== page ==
$ 450. Action of waste abolished. Waste, how remediable. The action of waste is abolished; but any proceedings heretofore commenced, or judgment rendered, or right acquired, shall not be affected thereby. Wrongs heretofore remediable by action. of waste, are subjects of action as other wrongs, in which action
there may be judgment for damages, forfeiture of the estate of the party offending, and eviction from the premises.
See Harder v. Harder, 26 Barb. 409; Robinson v. Wheeler, 25 N. Y. 252.
§ 451. Provisions of revised statutes applicable to action for waste under this act.
The provisions of the revised statutes relating to the action of waste, shall apply to an action for waste, brought under this act, without regard to the form of the action, so far as the same can be so applied.
When judgment of forfeiture and eviction to be
Judgment of forfeiture and eviction shall only be given in favor of the person entitled to the reversion, against the tenant in possession, when the injury to the estate in reversion shall be adjudged in the action to be equal to the value of the tenant's estate, or unexpired term, or to have been done in malice.
§ 453. Writ of nuisance abolished.
The writ of nuisance is abolished; but any proceeding heretofore commenced, or any judgment rendered, or right acquired, shall not be affected thereby.
$ 454. Remedy for injuries heretofore remediable by writ of nuisance.
Injuries heretofore remediable by writ of nuisance, are subjects of action, as other injuries; and in such action there may be judgment for damages, or for the removal of the nuisance, or both.
a. An action pursuant to this section is a substitute for the statute remedy by writ of nuisance, and the plaintiff must aver in his complaint all that was before requisite to sustain an action of that nature (Ellsworth v. Putnam, 16 Barb. 565; see Hubbard v. Russell, 24 Barb 404; in Brown v. Woodworth, 5 Barb. 550; Hess v. Buffulo &c. R. R. Co. 29 Barb. 391; Brady v. Weeks, 3 Barb. 157; Clark v. Storrs, 4 Barb, 562; Brown v. Cayuga R. R. Co. 12 N. Y. 486).
General Provisions relating to Actions concerning Real
§ 455. Provisions of revised statutes applicable thereto.
The general provisions of the revised statutes relating to actions concerning real property, shall apply to actions brought under this act, according to the subject-matter of the action, and without regard to its form.
a. Ejectment.-See 2 R. S. 303 (tit. 1, ch. 5, part 3); Laws 1840, ch. 239: Laws 1847, ch. 337; Laws 1846, ch. 159. Section 18 of the aforesaid title (part 3, ch. 5, tit. 1), providing that no actual entry under title need be proved, is not repealed by the code, but is expressly retained by section 455 (Lawrence v. Williams, 1 Duer, 587); and sections 8, 30, 34, of the same title, are also retained, and are still in force (Budd v. Bingham, 18 Barb. 498). So is section 31 (Lang v. Wilbraham, 2 Duer, 171), and section 37 (Rogers v. Wing, 5 How. 50; Lang v. Ropke, 1 Duer, 701).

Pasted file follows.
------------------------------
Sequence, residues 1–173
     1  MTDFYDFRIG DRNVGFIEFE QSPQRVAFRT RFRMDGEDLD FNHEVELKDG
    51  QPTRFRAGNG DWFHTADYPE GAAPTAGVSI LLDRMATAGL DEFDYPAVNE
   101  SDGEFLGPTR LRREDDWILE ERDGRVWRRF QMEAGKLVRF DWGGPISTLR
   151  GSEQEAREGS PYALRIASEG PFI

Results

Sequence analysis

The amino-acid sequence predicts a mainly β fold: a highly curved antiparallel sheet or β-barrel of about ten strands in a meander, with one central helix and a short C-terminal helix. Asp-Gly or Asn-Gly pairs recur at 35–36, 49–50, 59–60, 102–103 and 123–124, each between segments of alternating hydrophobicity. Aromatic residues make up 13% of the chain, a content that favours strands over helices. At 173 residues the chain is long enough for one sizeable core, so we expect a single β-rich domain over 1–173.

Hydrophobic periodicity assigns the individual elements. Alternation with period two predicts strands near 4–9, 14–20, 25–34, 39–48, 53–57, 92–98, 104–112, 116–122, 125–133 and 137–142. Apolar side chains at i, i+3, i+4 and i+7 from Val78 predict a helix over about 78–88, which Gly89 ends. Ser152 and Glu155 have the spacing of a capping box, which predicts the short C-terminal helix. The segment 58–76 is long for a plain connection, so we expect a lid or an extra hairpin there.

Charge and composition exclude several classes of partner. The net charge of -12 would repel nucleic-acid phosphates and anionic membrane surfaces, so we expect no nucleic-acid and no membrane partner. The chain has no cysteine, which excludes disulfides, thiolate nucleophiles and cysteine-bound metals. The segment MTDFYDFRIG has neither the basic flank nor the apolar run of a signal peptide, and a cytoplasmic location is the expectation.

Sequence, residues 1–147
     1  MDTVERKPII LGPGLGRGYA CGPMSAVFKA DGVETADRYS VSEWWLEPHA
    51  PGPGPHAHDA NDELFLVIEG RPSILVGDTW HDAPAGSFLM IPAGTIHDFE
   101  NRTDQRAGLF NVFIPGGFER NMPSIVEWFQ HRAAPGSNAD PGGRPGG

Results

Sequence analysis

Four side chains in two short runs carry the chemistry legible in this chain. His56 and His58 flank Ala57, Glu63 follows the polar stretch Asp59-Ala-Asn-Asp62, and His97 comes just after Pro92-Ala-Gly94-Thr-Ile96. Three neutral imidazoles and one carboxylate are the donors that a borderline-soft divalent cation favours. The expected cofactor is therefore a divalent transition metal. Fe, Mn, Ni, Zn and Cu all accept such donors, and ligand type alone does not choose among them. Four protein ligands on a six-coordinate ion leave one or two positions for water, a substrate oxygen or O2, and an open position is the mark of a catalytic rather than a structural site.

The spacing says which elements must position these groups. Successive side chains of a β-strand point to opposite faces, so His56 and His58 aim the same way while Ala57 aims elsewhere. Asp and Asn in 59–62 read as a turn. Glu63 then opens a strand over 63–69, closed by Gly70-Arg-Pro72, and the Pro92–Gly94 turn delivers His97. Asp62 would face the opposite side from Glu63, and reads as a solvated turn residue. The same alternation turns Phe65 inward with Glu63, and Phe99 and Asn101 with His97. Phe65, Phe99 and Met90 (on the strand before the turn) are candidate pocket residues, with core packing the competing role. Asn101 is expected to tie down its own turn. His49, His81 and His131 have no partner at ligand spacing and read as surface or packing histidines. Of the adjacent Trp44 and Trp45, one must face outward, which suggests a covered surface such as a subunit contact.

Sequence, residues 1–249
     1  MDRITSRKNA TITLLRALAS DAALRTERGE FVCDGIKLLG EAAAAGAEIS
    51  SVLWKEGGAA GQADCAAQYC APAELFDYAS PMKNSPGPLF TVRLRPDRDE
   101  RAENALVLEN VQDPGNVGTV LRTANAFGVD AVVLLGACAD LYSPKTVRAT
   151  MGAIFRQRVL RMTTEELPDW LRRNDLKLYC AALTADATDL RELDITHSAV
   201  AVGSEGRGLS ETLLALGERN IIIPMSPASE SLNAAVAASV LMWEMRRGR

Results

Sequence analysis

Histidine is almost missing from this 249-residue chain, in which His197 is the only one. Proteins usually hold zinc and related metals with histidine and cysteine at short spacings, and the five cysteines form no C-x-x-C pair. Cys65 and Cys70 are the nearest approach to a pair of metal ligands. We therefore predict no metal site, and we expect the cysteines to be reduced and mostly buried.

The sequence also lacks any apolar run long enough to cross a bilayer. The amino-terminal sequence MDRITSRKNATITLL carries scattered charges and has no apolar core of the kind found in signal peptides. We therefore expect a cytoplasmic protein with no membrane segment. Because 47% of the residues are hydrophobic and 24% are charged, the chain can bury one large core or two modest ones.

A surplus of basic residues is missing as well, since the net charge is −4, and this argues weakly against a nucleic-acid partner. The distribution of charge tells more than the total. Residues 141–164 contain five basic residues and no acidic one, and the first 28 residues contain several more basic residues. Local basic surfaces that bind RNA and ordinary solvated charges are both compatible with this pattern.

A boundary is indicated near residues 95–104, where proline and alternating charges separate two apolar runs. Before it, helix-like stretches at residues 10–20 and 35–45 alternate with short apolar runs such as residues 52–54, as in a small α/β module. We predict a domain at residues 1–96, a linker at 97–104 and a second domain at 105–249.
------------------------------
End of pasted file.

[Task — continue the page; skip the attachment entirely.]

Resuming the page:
b. When ejectment lies.-The action of ejectment will lie whenever a right of entry exists and the interest is of such a character that it can be held and enjoyed, and possession thereof delivered in execution of a judgment for its recovery (Rowan v. Kelsey, 18 Barb. 484; Child v. Chappel, 9 N. Y. 246). It will not lie for a mere easement (Wilklow v. Lane, 37 Barb. 244). It lies against a railroad company for laying their rail-track over land dedicated by the plaintiff to public use as a street, and running their cars on such track (Wager v. Troy Union R. R. Co. 25 N. Y. 526; Adams v. Saratoga R. R. Co. 24 N. Y. 655). Ejectment will lie for land under water, granted by the commissioners of the land office, for the purpose of erecting docks, &c., for commercial purposes (Champlain and St Lawrence R. R. Co. v. Valentine, 19 Barb. 484). A contract dated at a future day, leasing lands for a term, commencing at such day, gives the lessee, when the day arrives, the right of possession and to maintain ejectment against a stranger wrongfully withholding (Trull v. Granger, 8 N. Y. 115; see Spencer v. Tobey, 22 Barb. 260). But under a naked contract of purchase which is silent on the subject of possession, the purchaser acquires no right to the possession and no right of entry, and cannot maintain ejectment (Kellogg v. Kellogg, 6 Barb. 116). A right of possession in presenti is necessary and all that is necessary to maintain ejectment (Trull v. Ġranger, 8 N. Y. 115; The People v. Mayor of N. Y. 10 Abb. 113; Hunter v. Sandy Hill, 6 Hill, 411; Bryan v. Betts, 27 Barb. 503; McLean v. McDonald, 2 Barb. 534). The possession of real estate is prima facie evidence of the highest estate in the property, namely, a seisin in fee (Hill v. Draper, 10 Barb. 454; Barnhart v. Greenshields, 28 Eng. Law and Eq. R. 83; Maltonner v. Dimmick, 4 Barb. 566). Ejectment does not lie against a mortgagee in possession (Bolton v. Brewster, 32 Barb. 390); nor by a mortgagee against his mortgagor (Sahler v. Signer, 37 Barb. 329); nor against one who erects a gutter on his own premises projecting over the land of his neighbor (Aiken v. Benedict, 39 Barb. 400); nor against a municipal corporation for using a street as a public street (Cowenhoven v. City of Brooklyn, 38 Barb. 9). Ejectment lies against one who enters into possession of land of another, with his assent, under a contract